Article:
Post title: Skill and the Taking of Vows
(Apr 16 2013 at 10:41 AM)
"When formulating lay precepts based on his distinction between skillful and unskillful, the Buddha never made any allowances for ifs, ands, or buts. When you promise yourself to abstain from killing or stealing, the power of the promise lies in its universality. You won't break your promise to yourself under any conditions at all."
(Thanissaro Bhikku, "Getting the Message", accesstoinsight.org)
The difficulty in this point of view is that skillful means is not something that is acquire
Post title: The Measure of the Hall
(Mar 13 2013 at 05:39 PM)
I do think some of the Western, second-generation Zen teachers are actually established in the teaching (if I may say so), even though they may not be monsters, as Kobun Chino Otogawa once described his own teacher (the Rev. Chino).
The question is really, can they teach? At least, that's the question in my mind; my take is that Western Zen is a family affair, like Layman Pang and company, and a return to teaching both the esoteric and the exoteric without the closed fist of the teacher an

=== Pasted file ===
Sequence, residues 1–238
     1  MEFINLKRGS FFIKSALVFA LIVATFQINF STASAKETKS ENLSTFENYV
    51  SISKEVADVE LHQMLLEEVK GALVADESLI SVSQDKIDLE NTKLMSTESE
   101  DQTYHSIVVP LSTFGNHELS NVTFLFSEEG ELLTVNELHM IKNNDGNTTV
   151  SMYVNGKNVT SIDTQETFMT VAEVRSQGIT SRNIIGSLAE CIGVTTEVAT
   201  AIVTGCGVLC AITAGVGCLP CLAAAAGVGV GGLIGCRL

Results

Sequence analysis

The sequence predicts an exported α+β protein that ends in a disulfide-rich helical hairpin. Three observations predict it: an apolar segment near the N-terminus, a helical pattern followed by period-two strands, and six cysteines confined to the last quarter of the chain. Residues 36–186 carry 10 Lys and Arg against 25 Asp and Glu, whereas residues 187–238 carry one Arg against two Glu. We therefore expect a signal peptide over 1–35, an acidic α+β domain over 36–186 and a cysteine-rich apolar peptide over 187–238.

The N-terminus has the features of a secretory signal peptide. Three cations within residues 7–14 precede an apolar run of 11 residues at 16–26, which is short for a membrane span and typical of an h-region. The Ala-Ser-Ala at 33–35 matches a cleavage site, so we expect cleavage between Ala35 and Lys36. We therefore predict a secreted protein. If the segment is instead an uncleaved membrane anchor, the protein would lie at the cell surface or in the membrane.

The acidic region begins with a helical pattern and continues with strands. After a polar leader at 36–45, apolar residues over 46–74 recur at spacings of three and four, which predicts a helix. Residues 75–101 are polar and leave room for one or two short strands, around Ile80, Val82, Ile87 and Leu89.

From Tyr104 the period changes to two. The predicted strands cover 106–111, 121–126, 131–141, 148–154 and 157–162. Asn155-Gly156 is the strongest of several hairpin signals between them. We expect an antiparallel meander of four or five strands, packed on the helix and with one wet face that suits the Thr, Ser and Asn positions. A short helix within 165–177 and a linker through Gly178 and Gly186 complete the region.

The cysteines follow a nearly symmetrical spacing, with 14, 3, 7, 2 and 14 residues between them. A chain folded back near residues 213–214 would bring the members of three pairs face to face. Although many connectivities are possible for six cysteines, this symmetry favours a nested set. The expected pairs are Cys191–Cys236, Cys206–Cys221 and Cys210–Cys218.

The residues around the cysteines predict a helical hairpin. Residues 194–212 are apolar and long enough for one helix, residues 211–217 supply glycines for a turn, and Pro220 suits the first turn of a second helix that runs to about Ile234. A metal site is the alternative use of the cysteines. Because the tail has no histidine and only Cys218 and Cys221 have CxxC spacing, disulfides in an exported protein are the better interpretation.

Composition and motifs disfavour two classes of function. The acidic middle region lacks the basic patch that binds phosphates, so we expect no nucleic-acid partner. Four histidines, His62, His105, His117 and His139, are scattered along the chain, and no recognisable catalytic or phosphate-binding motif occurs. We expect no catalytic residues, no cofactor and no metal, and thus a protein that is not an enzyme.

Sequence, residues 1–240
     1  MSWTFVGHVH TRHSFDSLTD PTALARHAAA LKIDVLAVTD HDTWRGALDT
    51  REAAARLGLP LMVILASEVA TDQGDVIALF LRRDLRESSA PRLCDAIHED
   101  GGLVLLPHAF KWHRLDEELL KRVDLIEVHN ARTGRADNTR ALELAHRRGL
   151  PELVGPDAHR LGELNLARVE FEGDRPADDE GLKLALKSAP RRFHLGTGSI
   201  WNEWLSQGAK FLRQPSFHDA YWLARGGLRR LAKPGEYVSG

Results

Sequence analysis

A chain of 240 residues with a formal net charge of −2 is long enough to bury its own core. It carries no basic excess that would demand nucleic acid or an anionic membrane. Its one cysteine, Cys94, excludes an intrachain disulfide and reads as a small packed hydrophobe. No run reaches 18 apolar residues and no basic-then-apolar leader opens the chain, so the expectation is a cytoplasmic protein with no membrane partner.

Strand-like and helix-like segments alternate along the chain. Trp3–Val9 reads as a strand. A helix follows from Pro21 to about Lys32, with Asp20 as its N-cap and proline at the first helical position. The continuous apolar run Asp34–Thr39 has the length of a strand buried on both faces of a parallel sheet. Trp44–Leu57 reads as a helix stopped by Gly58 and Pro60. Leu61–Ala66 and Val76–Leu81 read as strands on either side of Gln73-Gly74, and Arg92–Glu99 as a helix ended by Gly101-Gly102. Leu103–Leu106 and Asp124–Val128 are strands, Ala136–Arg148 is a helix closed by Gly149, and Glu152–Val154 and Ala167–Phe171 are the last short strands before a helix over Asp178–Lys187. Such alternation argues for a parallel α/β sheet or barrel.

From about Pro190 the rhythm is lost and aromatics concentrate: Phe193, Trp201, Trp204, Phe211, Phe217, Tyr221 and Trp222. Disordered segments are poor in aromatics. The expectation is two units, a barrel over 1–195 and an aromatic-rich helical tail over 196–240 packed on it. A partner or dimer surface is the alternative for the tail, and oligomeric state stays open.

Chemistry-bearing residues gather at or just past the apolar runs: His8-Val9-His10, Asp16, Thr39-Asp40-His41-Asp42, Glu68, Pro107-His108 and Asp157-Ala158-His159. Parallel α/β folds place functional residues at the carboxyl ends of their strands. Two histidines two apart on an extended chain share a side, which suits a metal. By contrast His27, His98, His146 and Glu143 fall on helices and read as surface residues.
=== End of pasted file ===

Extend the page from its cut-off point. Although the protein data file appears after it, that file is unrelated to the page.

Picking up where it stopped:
Post title: "Good morning- where am I?"
(Mar 3 2013 at 02:00 PM)
The pain in the left knee, I'm pretty sure is related to the support or lack thereof for the fifth and fourth lumbar vertebrae in inhalation and exhalation.
Cheng Man-Ch'ing prescribed relaxation from the shoulders to the finger tips, from the groin to the soles of the feet, and from the sacrum to the crown of the head, followed by relaxation of the chest, as a means to sink the ch'i to the tan-t'ien. His advice implies a relaxed extension up the spine, both in inhalation and in exhalation.
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